Obviously, we can’t FORCE anyone to leave their foolishness and stupidity behind and move into the light — we aren’t responsible for MAKING them change. We are responsible for how WE act, and for setting an example that they can follow if they are willing.

We can fix stupid — our own stupid. And then we can help those who are willing to fix theirs, too. Maybe if enough of us start doing that, we can help to begin healing our broken world.

God, thanks for reminding us that fixing the world begins with fixing ourselves.

Faith Challenge:  What in your life is not healthy, happy, or holy? Begin with one thing — one virtue that you resolve to pray about and grow in. Ask God to help you walk more closely with Him as He uses you to be a docile, powerful light to those in need.

DEVOTIONAL (January 22 – 31, 2019): “You Knit Me”

by Kristi Noem, Governor of South Dakota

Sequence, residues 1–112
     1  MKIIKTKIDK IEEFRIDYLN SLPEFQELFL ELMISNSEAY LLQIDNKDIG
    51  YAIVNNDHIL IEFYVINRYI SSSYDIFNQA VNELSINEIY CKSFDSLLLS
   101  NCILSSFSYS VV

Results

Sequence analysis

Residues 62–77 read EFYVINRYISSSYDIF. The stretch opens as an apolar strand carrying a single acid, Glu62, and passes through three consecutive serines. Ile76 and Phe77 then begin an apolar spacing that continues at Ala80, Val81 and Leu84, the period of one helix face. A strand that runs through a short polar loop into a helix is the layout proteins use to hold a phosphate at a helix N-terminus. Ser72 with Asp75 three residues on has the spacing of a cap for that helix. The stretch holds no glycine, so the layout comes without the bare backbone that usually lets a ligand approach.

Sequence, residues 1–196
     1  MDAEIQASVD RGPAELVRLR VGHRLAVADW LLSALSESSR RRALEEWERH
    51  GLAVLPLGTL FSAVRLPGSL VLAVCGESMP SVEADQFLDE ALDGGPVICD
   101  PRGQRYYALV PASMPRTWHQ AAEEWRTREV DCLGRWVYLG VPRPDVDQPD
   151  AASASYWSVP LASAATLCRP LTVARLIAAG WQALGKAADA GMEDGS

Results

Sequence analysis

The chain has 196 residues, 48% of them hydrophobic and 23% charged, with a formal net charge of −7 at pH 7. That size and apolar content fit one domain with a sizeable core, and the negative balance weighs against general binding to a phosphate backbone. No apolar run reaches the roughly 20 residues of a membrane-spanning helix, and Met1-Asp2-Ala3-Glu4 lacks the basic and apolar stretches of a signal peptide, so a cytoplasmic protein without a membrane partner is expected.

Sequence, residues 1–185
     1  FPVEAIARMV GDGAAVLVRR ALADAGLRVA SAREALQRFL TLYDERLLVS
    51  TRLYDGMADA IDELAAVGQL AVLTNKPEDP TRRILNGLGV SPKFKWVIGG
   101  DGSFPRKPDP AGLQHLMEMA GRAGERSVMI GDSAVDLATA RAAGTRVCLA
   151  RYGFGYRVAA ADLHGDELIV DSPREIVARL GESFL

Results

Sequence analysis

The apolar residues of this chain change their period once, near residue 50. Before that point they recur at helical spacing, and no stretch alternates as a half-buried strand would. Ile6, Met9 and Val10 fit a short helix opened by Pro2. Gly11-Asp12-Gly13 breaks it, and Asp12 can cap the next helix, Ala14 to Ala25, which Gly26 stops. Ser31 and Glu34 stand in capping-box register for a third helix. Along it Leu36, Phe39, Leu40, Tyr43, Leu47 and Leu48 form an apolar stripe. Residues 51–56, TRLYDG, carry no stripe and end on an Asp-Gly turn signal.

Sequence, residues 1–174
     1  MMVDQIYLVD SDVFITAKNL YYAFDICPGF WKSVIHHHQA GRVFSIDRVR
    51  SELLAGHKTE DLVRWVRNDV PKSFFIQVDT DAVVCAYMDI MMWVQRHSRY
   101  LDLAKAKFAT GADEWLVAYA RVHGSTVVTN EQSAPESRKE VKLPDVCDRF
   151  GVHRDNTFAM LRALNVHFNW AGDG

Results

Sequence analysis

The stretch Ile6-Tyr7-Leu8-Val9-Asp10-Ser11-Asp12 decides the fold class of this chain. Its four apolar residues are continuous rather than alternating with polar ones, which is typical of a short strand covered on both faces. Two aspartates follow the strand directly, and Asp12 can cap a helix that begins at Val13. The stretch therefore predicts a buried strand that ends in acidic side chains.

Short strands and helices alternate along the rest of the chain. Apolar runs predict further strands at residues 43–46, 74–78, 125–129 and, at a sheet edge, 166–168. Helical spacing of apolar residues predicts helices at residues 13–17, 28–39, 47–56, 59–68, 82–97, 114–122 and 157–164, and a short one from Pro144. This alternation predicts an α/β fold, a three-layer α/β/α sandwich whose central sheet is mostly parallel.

(the following appeared at liferunners.org)

Verse(s):  “You created my innermost being; You knit me together in my mother’s womb. I praise You because I am fearfully and wonderfully made; Your works are wonderful.” – Psalm 139:13-14

Reflection: 46 years ago today, our Supreme Court justified the killing of unborn babies. Since that day when abortion was legalized, more than 60 million babies in America have been murdered – their potential ripped away, their laughter silenced before it had a chance to start.

I believe every life, starting from the time of conception, has dignity and value. I understood that even deeper the first time Bryon and I heard our oldest daughter Kassidy’s heartbeat. As believers, we know that value not only comes from the existence of life, but from the very fabric of our being. Scripture states that we are made in the very image of our Creator – we are the product of His hands. He created our innermost being. Life must be valued because He is life. Dignity must be valued because He created us in His image; it’s His breath in our lungs.